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Draw back thy golden rein, and tell my woes
To the old man, my father-and to her

Who nursed me at her bosom, my poor mother!
There will be wailing through the echoing walls
When-but away with thoughts like these!-the hour
Brings on the ripening deed. Death, death, look on me,
Did I say death? it was a waste of words;

We shall be friends hereafter.

'Tis the DAY,

Present and breathing round me, and the car
Of the sweet sun, that never shall again
Receive my greeting! henceforth time is sunless,
And day a thing that is not!-Beautiful light,
My Salamis-my country-and the floor

Of my dear household-hearth-and thou, bright Athens,
Thou-for thy sons and I were boys together-
Fountains and rivers, and ye Trojan plains,

I loved ye as my fosterers-fare ye well!

Take in these words, the last earth hears from Ajax-
All else unspoken, in a spectre land

I'll whisper to the dead!

We cannot resist the pleasure of annexing another specimen. of criticism on a well-known stroke of art in the Electra :

At length the pretended Phocians enter, bearing the supposed ashes of Orestes; the chief of the train addresses himself to Electra, and this is the most dramatic and touching scene in the whole tragedy. When the urn containing, as she believes, the dust of her brother, is placed in the hands of Electra, we can well overleap time and space, and see before us the great actor who brought the relics of his own son upon the stage, and shed no mimic sorrows-we can well picture the emotions that circle round the vast audience-pity itself being mingled with the consciousness to which the audience alone are admitted, that lamentation will soon be replaced by joy, and that the living Orestes is before his sister. It is by a most subtle and delicate art that Sophocles permits this struggle between present pain and anticipated pleasure, and carries on the passion of the spectators to wait breathlessly the moment when Orestes shall be discovered. We now perceive why the poet at once, in the opening of the play, announced to us the existence and return of Orestes-why he disdained the vulgar source of interest, the gross suspense we should have felt, if we had shared the ignorance of Electra, and not been admitted to the secret we impatiently long to be communicated to her. In this scene, our superiority to Electra, in the knowledge we possess, refines and softens our compassion, blending it with hope. And most beautifully here does Sophocles remove far from us the thought of the hard hatred that hitherto animates the mourner-the strong, proud spirit is melted away-the woman and the sister alone appear. He whom she had loved more dearly than a mother-whom she had nursed, and saved, and prayed for, is a nothing" in her hands; and the last rites it had not been hers to pay. He had been

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"By strangers honoured, and by strangers mourned."

All things had vanished with him- vanished in a day"-"vanished as by a hurricane"-she is left with her foes alone. Admit me" (she cries)" to thy refuge-make room for me in thy home."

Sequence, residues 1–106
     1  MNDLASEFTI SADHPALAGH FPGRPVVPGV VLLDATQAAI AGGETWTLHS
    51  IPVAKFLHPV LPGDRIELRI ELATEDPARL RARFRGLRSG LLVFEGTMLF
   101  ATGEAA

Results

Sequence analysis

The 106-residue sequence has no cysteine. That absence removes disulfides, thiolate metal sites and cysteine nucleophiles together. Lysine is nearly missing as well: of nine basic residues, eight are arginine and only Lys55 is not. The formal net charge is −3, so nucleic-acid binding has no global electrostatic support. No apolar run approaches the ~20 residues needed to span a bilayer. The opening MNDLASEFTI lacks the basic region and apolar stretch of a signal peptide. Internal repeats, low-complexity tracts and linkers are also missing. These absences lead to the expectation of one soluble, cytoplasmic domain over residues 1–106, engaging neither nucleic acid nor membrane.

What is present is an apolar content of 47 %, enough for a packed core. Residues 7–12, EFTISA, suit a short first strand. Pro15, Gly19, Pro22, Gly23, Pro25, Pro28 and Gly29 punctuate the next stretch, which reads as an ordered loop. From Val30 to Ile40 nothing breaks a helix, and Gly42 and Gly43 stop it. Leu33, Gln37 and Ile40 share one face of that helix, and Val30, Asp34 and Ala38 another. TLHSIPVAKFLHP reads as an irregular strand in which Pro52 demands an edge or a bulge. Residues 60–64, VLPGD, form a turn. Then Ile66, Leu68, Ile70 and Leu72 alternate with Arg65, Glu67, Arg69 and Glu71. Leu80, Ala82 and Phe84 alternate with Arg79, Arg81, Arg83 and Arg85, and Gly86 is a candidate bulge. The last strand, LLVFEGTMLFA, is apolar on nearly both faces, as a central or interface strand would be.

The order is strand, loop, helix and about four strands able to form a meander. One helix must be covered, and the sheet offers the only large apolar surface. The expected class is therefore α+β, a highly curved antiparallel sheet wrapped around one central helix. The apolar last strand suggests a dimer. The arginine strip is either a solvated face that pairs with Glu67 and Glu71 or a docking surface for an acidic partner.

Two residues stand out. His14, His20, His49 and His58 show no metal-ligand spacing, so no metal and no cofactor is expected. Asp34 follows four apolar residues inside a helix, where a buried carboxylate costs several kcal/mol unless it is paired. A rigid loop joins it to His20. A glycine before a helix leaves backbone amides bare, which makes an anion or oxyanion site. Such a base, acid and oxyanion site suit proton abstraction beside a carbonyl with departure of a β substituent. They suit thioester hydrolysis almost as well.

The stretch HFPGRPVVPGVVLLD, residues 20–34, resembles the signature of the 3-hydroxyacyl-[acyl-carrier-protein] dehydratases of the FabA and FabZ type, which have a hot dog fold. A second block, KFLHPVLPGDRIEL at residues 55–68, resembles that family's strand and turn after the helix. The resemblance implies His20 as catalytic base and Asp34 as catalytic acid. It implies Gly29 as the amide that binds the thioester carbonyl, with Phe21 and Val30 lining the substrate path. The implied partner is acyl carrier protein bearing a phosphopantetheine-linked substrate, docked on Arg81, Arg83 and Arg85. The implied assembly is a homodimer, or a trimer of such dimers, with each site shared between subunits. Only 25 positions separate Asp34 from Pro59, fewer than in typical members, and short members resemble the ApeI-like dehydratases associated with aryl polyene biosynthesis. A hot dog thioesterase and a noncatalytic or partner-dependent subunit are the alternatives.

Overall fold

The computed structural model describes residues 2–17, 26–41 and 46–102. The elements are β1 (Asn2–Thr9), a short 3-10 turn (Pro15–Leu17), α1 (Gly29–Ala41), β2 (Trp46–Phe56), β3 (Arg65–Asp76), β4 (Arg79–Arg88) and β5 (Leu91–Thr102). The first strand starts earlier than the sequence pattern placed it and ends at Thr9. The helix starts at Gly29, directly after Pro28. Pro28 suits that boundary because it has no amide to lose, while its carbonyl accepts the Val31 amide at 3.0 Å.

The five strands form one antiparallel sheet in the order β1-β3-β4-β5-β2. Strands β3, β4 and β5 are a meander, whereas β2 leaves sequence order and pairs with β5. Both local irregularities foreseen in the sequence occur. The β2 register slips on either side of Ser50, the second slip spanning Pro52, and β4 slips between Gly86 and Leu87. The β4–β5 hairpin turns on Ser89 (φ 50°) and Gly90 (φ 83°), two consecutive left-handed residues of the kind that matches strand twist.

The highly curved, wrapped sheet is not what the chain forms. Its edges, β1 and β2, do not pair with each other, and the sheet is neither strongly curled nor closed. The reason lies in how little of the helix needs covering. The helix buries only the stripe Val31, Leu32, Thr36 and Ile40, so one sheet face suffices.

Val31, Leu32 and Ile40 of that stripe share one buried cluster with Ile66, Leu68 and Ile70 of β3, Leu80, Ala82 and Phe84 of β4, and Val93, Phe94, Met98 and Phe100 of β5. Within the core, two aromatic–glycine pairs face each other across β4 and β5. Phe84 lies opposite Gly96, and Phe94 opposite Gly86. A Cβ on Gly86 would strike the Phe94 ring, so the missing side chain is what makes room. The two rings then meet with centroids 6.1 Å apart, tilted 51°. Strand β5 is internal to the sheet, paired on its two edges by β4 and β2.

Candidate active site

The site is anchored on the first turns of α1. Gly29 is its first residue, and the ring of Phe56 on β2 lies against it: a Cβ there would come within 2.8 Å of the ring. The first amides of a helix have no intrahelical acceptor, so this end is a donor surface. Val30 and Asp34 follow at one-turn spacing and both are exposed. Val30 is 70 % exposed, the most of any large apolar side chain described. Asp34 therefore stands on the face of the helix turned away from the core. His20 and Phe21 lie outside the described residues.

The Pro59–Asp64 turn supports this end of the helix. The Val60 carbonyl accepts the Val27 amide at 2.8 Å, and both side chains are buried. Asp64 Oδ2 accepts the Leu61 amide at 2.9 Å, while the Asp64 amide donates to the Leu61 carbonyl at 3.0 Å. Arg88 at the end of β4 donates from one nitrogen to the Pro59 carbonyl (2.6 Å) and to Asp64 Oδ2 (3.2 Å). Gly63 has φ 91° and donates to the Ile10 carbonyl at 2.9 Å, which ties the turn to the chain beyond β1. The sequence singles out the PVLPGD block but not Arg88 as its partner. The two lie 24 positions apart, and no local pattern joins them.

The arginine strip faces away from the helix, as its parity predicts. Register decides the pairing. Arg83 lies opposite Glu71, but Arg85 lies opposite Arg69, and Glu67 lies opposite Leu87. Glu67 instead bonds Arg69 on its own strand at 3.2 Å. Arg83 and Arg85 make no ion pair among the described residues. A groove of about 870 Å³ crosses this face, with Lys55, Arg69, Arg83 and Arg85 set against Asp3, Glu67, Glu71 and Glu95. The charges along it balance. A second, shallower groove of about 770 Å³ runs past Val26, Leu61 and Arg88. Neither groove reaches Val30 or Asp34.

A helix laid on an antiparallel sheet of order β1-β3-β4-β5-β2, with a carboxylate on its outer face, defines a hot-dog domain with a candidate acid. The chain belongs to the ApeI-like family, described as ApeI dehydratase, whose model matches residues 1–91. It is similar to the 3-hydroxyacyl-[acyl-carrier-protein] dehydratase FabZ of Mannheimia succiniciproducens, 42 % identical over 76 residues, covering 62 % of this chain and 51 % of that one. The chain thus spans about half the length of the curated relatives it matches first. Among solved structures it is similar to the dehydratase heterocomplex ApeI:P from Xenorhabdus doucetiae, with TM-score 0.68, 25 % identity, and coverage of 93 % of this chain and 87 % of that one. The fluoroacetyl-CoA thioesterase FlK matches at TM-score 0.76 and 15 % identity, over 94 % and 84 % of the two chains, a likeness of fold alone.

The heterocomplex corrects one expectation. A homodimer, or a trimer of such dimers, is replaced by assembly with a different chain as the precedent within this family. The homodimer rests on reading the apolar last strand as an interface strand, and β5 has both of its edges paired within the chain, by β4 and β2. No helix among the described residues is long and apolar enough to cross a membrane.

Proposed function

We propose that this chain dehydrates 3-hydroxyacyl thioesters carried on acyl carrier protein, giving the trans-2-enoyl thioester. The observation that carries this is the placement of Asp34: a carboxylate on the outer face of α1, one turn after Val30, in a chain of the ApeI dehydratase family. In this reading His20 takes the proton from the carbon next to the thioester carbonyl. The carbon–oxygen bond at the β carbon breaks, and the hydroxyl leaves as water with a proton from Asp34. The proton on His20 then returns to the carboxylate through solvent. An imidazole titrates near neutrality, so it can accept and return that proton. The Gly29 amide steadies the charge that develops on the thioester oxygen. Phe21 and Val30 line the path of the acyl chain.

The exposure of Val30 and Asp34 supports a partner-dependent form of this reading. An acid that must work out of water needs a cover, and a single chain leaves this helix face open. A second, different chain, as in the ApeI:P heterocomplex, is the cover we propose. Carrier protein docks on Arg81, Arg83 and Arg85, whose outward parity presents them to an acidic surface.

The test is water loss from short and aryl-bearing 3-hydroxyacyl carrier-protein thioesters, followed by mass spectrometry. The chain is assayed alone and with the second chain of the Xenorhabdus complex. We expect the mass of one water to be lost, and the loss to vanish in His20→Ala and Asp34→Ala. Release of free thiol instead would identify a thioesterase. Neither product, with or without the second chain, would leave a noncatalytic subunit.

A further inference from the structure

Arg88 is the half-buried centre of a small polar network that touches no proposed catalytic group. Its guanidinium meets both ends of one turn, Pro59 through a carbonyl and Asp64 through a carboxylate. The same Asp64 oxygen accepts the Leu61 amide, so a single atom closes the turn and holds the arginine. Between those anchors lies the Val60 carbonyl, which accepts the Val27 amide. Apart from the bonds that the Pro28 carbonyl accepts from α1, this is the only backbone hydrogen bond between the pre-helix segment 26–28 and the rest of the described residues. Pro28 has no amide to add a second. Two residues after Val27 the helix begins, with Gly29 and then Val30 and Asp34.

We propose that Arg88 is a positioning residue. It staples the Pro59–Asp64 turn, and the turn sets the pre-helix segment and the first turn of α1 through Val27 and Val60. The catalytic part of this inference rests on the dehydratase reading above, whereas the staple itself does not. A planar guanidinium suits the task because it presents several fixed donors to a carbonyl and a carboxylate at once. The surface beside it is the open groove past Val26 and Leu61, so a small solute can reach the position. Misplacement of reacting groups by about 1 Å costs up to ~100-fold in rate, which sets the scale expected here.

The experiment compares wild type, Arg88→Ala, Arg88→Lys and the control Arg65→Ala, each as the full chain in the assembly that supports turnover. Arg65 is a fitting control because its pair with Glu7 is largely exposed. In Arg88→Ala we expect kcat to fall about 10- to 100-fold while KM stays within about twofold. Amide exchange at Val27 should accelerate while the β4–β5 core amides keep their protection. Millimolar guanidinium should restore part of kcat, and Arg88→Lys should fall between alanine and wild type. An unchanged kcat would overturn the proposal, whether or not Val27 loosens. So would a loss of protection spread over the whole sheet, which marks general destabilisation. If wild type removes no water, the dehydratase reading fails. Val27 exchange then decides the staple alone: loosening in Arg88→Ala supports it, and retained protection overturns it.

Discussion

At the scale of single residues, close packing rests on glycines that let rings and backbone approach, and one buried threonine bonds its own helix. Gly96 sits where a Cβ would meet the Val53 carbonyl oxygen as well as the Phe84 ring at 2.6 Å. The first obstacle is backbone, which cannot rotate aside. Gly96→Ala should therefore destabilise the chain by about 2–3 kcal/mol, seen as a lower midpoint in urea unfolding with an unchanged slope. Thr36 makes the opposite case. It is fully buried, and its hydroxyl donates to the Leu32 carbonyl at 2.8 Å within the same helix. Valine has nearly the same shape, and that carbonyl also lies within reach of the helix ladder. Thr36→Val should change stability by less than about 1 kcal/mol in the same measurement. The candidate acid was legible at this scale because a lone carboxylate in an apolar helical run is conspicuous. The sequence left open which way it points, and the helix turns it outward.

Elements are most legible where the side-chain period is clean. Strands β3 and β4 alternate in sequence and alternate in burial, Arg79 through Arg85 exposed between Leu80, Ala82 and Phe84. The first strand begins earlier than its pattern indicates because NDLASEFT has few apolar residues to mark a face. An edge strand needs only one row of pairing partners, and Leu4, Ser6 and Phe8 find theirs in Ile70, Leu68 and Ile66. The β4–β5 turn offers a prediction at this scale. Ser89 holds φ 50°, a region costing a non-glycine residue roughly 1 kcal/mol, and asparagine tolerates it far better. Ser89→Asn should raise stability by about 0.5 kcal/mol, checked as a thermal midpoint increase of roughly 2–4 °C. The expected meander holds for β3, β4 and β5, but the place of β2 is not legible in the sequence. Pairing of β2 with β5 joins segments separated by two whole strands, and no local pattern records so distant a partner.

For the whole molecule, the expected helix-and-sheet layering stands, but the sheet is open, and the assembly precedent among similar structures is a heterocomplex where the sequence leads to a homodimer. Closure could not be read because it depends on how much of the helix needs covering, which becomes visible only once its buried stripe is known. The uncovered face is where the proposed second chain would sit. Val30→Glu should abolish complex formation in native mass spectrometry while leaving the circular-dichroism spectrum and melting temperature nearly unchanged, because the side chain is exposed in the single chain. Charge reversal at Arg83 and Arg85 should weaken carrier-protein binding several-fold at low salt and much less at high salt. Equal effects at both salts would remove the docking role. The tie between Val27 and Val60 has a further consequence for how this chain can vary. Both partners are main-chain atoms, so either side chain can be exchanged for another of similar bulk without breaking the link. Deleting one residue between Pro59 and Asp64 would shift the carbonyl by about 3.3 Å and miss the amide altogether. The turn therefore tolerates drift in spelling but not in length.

In these lamentations, the cold, classic drama seems to warm into actual life. Art, exquisite because invisible, unites us at once with imperishable nature-we are no longer delighted with poetry-we are weeping with Truth.'

Agreeable it is to know, that one who sees and shows, with such clear vision, the subtle charms of poesy, intends to touch on Love, as an element of the Grecian female character. We have our own notions on that theme, and shall wait to compare them hereafter with Mr Bulwer's. Meanwhile we shall suggest, as before, a few points for reconsideration.

In the trial of Orestes,* we hold with Müller, that the votes are equal before the presiding goddess gives her ballot for acquittal. Compare the future póceńsoμas (v. 705) with v. 723. This, indeed, is the right significance of the calculus Minerva. It means-when judgments are balanced, mercy is wisdom.

Sophocles, as reported by Athenæus, seems to us to insinuate most correctly that Eschylus was not so great an artist as himself. We cannot concede to Mr Bulwer that this is the 'criticism 'of ignorance.' (p. 466.) Says Mr Bulwer:- Eschylus is artful 'as a dramatist to be read, Sophocles as a dramatist to be acted.' On this very principle, Eschylus was an inferior artist. He wrote, as he was perfectly aware, for a non-reading public.

'Longinus,' says the author, 'rightly considers pathos a part ' of the sublime, for pity ought to elevate us.' (p. 465.) The pathos of Longinus is passion, and should not be confounded with pity, as one source of the interest awakened by the tragic Muse.

Comedy still demands some words. But since Aristophanes is merely approached by Mr Bulwer, in the part of his work now published, we must tarry for the promised sequel.

The accomplished author will pardon us for closing the present paper with a protest against certain pecularities of idiom, which we were sorry to find countenanced by so popular a pen. A few of these may plead in their behalf the rare authority of old writers in our tongue. They belong, however, in actual usage, either to the North American dialect, or to such assassins of her Majesty's English at home, as a master of composition must regret to have upon his side. We complain, for instance, of expressions like these-Irregulated-in stealth-reverent for reverend-to

*Esch. Eumen. 722.

neighbour to concentre, as a verb active-to prodigalize—to border, for to border on. We think that impatient of conquest cannot mean impatient to conquer. We don't like arriving to the things we have been in the habit of arriving at. The adverbs both and only are now and then misplaced. False antithesis is too frequently admitted. Cause is once at least put for effect (p. 345.) A verb of one number is often forced to do duty with a nominative of another,* Mr Bulwer is not yet talented-a pseudo-participle which no one will use who is not ripe for any atrocity-but he progresses at a fearful rate. These are, it is true, slight matters in themselves; but at a time when purity of taste is not in the ascendant-at a time when a single class of readers is able to push Poems' into the fourteenth edition, and 'Prize Essays' into the ninth or tenth thousand, which are not more repulsive from the impudent extravagance of their doctrine than from the base tinsel of their style—at such a time, the man of real genius should be more than ever on his guard against sanctioning, by his negligence, the adulteration of our noble language.